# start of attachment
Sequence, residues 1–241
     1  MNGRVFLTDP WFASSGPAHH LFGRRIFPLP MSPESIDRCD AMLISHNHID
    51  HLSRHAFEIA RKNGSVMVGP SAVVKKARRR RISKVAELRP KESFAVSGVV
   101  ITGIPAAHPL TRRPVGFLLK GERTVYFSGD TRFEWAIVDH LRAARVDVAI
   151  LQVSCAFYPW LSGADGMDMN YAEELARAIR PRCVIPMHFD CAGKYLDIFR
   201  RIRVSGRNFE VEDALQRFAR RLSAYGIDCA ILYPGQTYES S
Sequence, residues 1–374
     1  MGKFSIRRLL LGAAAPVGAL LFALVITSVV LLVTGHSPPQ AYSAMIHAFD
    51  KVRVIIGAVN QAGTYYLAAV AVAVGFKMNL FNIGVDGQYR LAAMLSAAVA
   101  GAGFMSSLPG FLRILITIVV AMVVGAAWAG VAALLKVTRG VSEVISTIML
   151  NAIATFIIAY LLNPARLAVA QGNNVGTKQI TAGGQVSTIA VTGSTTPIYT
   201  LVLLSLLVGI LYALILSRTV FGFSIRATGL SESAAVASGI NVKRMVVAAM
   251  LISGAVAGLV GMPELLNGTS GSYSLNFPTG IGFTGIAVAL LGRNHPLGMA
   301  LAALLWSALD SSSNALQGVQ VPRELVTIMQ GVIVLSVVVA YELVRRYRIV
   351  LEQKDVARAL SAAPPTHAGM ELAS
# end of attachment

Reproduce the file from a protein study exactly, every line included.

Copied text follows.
Sequence, residues 1–241
     1  MNGRVFLTDP WFASSGPAHH LFGRRIFPLP MSPESIDRCD AMLISHNHID
    51  HLSRHAFEIA RKNGSVMVGP SAVVKKARRR RISKVAELRP KESFAVSGVV
   101  ITGIPAAHPL TRRPVGFLLK GERTVYFSGD TRFEWAIVDH LRAARVDVAI
   151  LQVSCAFYPW LSGADGMDMN YAEELARAIR PRCVIPMHFD CAGKYLDIFR
   201  RIRVSGRNFE VEDALQRFAR RLSAYGIDCA ILYPGQTYES S
Sequence, residues 1–374
     1  MGKFSIRRLL LGAAAPVGAL LFALVITSVV LLVTGHSPPQ AYSAMIHAFD
    51  KVRVIIGAVN QAGTYYLAAV AVAVGFKMNL FNIGVDGQYR LAAMLSAAVA
   101  GAGFMSSLPG FLRILITIVV AMVVGAAWAG VAALLKVTRG VSEVISTIML
   151  NAIATFIIAY LLNPARLAVA QGNNVGTKQI TAGGQVSTIA VTGSTTPIYT
   201  LVLLSLLVGI LYALILSRTV FGFSIRATGL SESAAVASGI NVKRMVVAAM
   251  LISGAVAGLV GMPELLNGTS GSYSLNFPTG IGFTGIAVAL LGRNHPLGMA
   301  LAALLWSALD SSSNALQGVQ VPRELVTIMQ GVIVLSVVVA YELVRRYRIV
   351  LEQKDVARAL SAAPPTHAGM ELAS